If you are interested … you might have noticed that Mark isn’t just quoting Isaiah in that reference but is a mash-up of two Old Testament verses … Micah 3:1 and Isiah 40:3. Isaiah chapter 40 is an amazing chapter. You should re-read it sometime. It starts with God offering comfort to God’s people, through to a declaration of “Who compares with God” and ends with that amazing promise that for all who hope in the Lord, God will renew their strength and their will rise up on wings like eagles. Great chapter. But in verse 5 there is this bombshell which the religious leaders at the time didn’t know how to quite interpret.
Verse 5 implies that the LORD (or because it is all caps we are talking about Yahweh … or the almighty God here), that the glory of God will be revealed in the presence of the people. Some of the teachers of the law thought that this was symbolic, that we would see God’s glory in the wonders of creation, or the beauty of scripture. But others argued that these verses were implying that the almighty God was going to come in person to God’s people, that God would show up, that God would actually come near – that this person in the wilderness would prepare the way for this amazing experience – of God in person coming to us.
It sounds preposterous, but we know the rest of the story, and this is what we believe. That God indeed showed up in the person of Jesus. “The Word became flesh and made his dwelling among us. We have seen his glory … full of Grace and truth” (John 1:14). The creator steps into creation. The infinite squeezes into the finite. The author of life writes himself into the story. This is the mind-bending miracle of the incarnation.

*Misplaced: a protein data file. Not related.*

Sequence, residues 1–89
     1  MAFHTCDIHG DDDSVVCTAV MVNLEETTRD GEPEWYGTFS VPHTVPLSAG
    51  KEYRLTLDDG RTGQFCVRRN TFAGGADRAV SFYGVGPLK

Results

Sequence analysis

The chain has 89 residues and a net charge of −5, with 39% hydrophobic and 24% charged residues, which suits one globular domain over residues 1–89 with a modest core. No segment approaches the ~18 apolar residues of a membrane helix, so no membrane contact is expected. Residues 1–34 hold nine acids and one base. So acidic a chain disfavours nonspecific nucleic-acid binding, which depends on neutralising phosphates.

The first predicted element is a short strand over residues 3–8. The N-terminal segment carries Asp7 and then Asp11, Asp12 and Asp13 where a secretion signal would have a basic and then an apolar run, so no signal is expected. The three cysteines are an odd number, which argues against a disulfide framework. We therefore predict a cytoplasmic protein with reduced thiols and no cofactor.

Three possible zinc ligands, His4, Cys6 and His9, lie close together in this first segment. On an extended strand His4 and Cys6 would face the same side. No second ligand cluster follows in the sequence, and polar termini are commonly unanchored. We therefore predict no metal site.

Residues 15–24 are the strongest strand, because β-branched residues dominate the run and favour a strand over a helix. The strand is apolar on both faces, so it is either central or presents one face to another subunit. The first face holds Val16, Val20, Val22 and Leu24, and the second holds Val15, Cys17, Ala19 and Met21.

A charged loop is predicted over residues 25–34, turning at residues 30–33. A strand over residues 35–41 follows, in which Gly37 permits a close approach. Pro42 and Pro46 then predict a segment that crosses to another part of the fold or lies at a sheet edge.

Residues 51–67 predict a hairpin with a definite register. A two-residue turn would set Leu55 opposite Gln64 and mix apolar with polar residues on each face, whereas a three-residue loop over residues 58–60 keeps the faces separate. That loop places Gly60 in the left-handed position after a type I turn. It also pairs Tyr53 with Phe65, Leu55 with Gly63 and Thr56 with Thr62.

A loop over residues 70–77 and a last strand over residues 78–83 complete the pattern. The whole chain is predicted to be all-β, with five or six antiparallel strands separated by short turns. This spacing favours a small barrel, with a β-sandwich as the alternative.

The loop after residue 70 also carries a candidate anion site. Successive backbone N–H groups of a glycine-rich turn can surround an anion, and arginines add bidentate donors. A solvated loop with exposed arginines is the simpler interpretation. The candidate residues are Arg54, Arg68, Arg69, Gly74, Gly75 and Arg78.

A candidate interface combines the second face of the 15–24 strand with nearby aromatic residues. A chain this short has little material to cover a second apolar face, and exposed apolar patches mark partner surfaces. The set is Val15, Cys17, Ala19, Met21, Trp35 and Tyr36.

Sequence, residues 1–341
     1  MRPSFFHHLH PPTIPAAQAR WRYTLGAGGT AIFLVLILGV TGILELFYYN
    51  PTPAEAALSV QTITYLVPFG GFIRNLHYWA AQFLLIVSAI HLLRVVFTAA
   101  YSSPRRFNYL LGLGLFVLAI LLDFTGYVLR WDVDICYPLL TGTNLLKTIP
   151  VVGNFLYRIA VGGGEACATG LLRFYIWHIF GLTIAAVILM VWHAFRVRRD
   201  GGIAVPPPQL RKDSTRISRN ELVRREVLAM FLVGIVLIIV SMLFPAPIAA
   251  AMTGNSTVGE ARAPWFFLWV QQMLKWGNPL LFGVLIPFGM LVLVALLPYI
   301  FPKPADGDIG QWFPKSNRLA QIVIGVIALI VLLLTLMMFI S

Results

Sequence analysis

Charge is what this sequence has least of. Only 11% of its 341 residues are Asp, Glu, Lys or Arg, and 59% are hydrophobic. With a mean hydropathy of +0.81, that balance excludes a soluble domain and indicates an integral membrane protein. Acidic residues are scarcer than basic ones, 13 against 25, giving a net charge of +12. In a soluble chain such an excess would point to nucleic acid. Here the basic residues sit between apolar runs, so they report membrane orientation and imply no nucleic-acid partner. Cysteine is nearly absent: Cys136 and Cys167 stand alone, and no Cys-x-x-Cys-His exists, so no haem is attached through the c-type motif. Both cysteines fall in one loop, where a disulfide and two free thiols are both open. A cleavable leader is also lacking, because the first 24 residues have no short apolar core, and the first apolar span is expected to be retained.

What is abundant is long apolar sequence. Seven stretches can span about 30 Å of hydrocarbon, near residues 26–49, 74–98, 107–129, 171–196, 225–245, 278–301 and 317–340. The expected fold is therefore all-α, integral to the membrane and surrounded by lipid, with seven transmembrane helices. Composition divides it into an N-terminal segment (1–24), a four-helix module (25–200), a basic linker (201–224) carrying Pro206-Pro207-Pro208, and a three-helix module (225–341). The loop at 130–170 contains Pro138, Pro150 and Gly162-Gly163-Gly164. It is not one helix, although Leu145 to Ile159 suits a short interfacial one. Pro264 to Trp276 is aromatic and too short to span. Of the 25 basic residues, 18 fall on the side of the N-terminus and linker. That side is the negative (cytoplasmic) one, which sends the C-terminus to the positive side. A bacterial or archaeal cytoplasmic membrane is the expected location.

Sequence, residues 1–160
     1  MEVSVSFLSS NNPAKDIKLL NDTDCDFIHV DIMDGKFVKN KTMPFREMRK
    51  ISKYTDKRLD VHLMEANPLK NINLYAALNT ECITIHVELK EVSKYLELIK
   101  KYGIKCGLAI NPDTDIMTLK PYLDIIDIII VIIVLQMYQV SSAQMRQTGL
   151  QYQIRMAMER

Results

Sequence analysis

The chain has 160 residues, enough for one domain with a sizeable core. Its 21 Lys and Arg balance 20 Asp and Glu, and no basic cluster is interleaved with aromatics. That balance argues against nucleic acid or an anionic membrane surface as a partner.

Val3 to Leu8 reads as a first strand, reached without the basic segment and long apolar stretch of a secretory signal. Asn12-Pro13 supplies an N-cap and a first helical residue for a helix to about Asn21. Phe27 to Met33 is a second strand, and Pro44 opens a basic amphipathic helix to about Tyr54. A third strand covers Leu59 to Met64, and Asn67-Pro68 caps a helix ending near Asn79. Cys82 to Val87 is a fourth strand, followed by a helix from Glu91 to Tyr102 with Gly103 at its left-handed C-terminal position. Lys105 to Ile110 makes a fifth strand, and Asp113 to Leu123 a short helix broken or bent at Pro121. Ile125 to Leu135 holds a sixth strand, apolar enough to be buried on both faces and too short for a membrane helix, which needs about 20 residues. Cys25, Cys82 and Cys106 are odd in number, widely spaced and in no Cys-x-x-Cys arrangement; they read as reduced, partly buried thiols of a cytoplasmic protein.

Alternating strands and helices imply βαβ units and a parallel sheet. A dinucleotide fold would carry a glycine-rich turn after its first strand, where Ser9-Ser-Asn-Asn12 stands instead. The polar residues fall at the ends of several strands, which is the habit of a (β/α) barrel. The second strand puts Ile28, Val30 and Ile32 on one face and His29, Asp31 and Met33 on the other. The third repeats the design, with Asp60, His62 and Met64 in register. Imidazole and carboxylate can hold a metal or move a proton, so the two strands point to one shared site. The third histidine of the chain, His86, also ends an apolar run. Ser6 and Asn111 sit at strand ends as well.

And this is good news for ALL people walking in darkness.
During Isaiah’s time they were hoping that God would send a great king to provide leadership to a lost nation, to bring hope and peace amidst the threats of those around them, to bring healing to a people that were hurting. And in response God doesn’t send another earthly king but stepped into that role himself.
In Isaiah’s time, if you knew a king was coming to your area, work parties would be sent out to prepare the way. To make smooth the road, to straighten bends or to build bridges over valleys. The king was coming and they needed to prepare.
John the Baptist was doing the same. John knew that THE king was coming, the dawn was breaking, God was drawing near and so John called us all to “Prepare the Way”.
I said at the beginning that in this season of Advent we relive this journey that Isaiah and John the Baptist and the people of God did … Advent is a time of preparing for the promised child, the promised King to come to us.
How are you preparing this year? How are you helping make the road a little easier for people around you to enter into the spirit of Christmas this year?
This advent journey has begun. The darkness is already less dark. The promise has been given … for unto us a Child is born. It is happening whether we are ready or not. The king is coming. Jesus is drawing near to you and after the year that we have had, I want you to be able to experience that nearness of God in a rich and full and deep way. Prepare yourself. Prepare the way this advent because Jesus is near.